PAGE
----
Tuesday, April 6, 2010 Chakri Day
This Thai holiday celebrates the founding of the Thai royal Chakri dynasty, over two hundred years ago.
Tuesday-Thursday, April 13-15, 2010 Songkran
Songkran is the famous (or infamous) festival where water is splashed (or sprayed at high pressure) over just about everyone. Entire villages, towns and cities take part and everyone participates. This Thai holiday takes place over three days, though informal celebrations may begin a day or two ahead of schedule. It can be difficult to find accommodation or transportation all of this week. Book ahead, and bring plenty of dry clothes!
Wednesday, May 5, 2010 Coronation Day
This holiday celebrates the coronation of the revered Thai monarch, His Majesty King Bhumipol.
Thursday, May 13, 2010 Royal Ploughing Ceremony
The actual ceremony is held at the Sanam Luang in Bangkok, but schools and government offices are closed across Thailand.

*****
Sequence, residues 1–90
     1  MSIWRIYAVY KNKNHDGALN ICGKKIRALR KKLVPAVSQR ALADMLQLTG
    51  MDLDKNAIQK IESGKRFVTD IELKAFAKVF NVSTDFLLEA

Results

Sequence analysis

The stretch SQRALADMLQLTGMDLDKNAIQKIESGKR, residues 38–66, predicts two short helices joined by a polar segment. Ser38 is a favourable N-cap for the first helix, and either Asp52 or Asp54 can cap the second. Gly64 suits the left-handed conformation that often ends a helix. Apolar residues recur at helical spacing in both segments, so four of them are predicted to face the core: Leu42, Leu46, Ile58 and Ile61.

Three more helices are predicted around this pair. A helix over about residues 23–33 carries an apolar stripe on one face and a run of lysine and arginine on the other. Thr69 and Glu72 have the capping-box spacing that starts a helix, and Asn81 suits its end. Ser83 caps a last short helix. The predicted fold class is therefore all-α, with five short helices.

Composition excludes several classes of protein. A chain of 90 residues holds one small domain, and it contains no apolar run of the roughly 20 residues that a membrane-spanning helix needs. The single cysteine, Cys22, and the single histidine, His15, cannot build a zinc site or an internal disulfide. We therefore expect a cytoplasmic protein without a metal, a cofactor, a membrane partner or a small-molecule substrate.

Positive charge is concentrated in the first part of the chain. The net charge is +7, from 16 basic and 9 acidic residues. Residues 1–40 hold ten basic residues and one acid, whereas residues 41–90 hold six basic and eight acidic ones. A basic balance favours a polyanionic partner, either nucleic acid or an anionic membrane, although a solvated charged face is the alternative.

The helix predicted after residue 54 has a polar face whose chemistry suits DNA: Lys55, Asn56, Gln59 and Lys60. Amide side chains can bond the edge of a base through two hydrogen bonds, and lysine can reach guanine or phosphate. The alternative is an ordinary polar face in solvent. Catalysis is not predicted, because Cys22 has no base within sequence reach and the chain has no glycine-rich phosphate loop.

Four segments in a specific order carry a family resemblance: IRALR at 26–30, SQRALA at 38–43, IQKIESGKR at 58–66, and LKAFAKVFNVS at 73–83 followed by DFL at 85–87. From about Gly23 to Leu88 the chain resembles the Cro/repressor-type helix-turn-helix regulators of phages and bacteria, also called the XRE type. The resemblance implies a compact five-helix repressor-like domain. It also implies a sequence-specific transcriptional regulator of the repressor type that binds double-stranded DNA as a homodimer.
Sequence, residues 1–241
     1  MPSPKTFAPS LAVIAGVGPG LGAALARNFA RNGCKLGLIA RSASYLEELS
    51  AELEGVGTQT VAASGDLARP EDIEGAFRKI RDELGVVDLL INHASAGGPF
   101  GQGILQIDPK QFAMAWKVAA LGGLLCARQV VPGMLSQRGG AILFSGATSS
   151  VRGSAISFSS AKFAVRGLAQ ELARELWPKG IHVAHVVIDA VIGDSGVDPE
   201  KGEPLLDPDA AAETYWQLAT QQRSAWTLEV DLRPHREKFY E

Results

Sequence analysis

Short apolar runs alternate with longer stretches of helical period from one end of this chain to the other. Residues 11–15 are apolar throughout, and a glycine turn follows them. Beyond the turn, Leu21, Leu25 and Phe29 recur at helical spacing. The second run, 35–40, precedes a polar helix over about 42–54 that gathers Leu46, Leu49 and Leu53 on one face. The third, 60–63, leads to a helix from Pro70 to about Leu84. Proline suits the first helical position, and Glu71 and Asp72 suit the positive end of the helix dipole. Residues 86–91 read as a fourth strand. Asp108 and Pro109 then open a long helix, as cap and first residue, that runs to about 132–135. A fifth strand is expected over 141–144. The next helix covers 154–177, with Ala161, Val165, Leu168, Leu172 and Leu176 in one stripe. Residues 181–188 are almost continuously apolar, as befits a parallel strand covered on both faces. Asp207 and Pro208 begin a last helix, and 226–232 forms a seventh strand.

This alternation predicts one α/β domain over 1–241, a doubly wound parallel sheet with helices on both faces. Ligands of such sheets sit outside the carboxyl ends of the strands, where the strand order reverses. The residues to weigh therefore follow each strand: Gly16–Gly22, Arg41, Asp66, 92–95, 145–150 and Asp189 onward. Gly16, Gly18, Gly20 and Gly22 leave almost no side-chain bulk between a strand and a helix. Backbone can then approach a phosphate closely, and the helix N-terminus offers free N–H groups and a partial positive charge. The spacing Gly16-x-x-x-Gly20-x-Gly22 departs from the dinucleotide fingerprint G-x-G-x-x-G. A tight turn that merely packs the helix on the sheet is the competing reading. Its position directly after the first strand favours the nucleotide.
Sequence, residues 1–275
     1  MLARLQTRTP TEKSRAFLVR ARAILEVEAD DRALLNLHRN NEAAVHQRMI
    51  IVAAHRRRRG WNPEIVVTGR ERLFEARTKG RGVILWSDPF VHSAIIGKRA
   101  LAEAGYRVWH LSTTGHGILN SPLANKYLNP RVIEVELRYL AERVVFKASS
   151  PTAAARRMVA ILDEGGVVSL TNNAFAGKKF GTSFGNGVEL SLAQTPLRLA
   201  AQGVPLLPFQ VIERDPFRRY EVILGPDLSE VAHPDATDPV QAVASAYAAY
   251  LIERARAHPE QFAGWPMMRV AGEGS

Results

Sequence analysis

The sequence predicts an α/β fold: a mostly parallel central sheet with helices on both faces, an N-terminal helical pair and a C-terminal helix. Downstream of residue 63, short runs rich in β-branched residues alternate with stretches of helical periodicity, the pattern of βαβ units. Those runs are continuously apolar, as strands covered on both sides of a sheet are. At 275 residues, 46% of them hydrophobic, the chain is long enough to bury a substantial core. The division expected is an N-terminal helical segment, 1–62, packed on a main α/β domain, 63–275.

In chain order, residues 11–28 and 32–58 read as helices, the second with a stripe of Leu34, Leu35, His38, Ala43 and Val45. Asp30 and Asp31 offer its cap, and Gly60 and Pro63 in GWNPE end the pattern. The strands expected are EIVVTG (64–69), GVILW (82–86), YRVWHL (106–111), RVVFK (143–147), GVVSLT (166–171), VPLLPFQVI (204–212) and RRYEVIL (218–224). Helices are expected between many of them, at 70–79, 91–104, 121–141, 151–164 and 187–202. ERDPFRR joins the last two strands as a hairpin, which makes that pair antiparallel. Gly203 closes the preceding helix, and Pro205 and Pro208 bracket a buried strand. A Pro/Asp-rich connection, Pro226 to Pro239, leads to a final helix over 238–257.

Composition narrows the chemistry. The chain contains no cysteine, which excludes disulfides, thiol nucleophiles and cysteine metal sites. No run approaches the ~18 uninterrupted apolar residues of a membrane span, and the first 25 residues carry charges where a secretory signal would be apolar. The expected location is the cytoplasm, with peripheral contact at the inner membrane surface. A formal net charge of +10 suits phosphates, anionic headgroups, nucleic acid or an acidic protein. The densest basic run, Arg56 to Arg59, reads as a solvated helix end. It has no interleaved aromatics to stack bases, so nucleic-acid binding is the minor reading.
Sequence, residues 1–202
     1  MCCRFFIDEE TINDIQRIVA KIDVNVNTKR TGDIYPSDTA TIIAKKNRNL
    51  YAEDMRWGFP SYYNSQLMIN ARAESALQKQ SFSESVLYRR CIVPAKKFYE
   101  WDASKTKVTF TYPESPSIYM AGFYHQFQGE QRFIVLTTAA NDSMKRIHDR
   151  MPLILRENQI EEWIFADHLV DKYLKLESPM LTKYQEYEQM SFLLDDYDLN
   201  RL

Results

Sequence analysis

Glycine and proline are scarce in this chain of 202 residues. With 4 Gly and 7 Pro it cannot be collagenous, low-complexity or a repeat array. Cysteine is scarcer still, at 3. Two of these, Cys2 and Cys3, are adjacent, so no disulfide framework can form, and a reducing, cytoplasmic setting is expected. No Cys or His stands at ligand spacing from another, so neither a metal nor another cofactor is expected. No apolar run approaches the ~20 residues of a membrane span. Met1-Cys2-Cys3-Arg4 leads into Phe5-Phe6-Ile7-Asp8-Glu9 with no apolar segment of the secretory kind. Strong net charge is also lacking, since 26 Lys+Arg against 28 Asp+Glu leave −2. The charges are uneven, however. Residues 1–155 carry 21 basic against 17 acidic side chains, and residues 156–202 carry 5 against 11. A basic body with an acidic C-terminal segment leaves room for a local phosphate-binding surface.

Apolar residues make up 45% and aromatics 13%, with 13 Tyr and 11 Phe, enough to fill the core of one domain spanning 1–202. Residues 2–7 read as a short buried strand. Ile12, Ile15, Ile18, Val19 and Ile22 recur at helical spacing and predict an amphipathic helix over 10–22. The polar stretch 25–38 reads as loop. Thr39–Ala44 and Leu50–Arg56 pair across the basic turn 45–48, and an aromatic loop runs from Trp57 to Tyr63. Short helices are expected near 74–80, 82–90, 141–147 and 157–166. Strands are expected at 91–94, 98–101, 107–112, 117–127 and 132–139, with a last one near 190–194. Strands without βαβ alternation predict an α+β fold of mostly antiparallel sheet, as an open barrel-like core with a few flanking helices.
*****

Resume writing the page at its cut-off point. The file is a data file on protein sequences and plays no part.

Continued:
Friday, May 28, 2010 Visaka Bucha Day
Held always on the full moon of the sixth month in the Thai Lunar Calendar, Visaka Bucha Day celebrates the birth, enlightenment, and death of the Buddha.
Monday, July 26, 2010 Asana Bucha Day –
This holiday celebrates the first day of the rains retreat when monks return to their temples. It is held on the full moon of the eighth lunar month.
Tuesday July 27, 2010 Wan Khao Pansa
The following day is also the beginning of the Buddhist lent period. Many Thai people return to their home towns and village, so expect the bus and train stations to be busy over this long weekend. http://en.wikipedia.org/wiki/WanKaoPansa
Thursday, August 12, 2010 The Queen’s Birthday